California – Walt Disney Co. (NYSE: DIS) has recently decided to invest in a virtual-reality technology and filmmaking company named Jaunt, helping it raise more than $65 million on Monday.
The recent investment may be a sign that Disney is joining companies like Google that have also taken steps inside the virtual reality world. Facebook (NASDAQ:FB) is said to be developing a virtual reality video app, and GoPro recently teamed up with Google (NASDAQ:GOOGL), debuting a $15,000, 16-camera VR-filming rig at Google I/O.
The company Jaunt Inc. will use the money to expand its virtual-reality production and improve its camera hardware and software tools, according to a statement on Monday. Jaunt also plans to expand staffing at its Palo Alto, California, headquarters and a new Los Angeles studio.
“The funding gives us a few years runway and enables us to scale up,” Jens Christensen, Jaunt’s chief executive officer and co-founder, said in an interview. Altogether, the company has raised more than $100 million, according to the statement.
The funding strengthens Jaunt’s Hollywood ties, and will give a boost to the fledgling VR industry. In addition to Disney, with its diverse film and TV holdings, Jaunt’s investors now include Evolution Media Partners, a partnership of CAA-backed Evolution Media Capital, TPG Growth and Participant Media.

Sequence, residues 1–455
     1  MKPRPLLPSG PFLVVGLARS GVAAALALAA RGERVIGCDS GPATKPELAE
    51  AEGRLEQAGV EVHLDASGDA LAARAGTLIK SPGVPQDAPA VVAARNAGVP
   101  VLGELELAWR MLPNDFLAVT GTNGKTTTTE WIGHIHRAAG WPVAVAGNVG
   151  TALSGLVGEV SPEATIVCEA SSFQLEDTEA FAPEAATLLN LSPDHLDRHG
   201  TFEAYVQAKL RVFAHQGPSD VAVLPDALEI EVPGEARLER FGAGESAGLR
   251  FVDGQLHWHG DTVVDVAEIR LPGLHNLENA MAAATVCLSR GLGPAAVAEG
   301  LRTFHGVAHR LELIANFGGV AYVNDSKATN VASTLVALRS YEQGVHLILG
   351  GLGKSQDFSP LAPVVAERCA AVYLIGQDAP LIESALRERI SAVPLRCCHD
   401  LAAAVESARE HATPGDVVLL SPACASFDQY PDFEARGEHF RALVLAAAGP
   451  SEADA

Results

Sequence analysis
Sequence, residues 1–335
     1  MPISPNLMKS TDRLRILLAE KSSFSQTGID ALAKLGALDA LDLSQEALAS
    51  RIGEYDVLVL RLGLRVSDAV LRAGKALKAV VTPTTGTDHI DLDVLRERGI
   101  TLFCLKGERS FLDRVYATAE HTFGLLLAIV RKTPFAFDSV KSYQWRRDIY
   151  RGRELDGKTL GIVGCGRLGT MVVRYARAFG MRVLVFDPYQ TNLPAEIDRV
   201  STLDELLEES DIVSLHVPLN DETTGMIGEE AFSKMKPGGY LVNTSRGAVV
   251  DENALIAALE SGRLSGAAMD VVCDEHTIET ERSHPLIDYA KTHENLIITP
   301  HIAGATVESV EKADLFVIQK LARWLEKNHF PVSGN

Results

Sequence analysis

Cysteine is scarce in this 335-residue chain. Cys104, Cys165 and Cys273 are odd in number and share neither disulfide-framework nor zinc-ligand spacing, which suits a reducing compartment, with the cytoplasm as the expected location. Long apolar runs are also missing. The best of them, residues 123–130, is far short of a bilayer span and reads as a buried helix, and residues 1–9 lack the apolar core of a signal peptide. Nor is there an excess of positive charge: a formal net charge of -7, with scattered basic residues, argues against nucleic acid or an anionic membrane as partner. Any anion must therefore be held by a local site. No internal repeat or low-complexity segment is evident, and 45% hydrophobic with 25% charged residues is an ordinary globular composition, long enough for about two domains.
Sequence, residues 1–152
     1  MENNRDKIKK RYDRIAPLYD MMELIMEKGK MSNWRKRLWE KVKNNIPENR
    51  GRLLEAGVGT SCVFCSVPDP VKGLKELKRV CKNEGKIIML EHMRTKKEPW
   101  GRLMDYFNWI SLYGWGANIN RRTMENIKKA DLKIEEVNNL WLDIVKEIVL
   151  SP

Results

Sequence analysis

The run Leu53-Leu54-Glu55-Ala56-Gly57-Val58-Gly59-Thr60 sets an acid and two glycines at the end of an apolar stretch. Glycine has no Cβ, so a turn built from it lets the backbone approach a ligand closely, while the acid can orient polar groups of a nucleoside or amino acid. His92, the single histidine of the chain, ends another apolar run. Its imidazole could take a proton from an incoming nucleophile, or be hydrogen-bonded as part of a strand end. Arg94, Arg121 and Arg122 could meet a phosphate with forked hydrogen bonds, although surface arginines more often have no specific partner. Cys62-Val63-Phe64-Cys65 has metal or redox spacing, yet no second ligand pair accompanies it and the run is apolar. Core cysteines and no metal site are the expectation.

Jaunt has released concert videos from artists including Jack White and Paul McCartney, and content such as rock-climbing footage sponsored by North Face. Last week it released a VR storytelling “experience”, produced in collaboration with Disney’s ABC News, that takes viewers to Damascus, Syria, to see the work of curators trying to preserve Syria’s antiquities amid the country’s civil war and a 360-degree view of life on the streets of that war-torn country
The video “puts you in Damascus,” Christensen said. “It’s truly objective. There’s no filter between you and what’s going on.”
There have already been attempts at making feature VR films. Notwithstanding, Disney’s lead role in the funding round, Christensen says he doesn’t think the studio’s interest is about getting into the production of feature-length virtual-reality films, at least not yet.
“I do expect people to start doing more and more in VR, eventually people will be doing feature-length entertainment […] Right now, with the state of the devices, and I don’t think people will want to wear bulky headsets for two-hour features. They need to get a lot lighter” he reportedly sayd.
Other Hollywood studios are also experimenting with VR, for example, Twentieth Century Fox produced a short VR film based on the Reese Witherspoon movie Wild. However, it’s mostly been in the education phase, rather than full-scale production, given that consumer virtual reality hardware has yet to flood the market.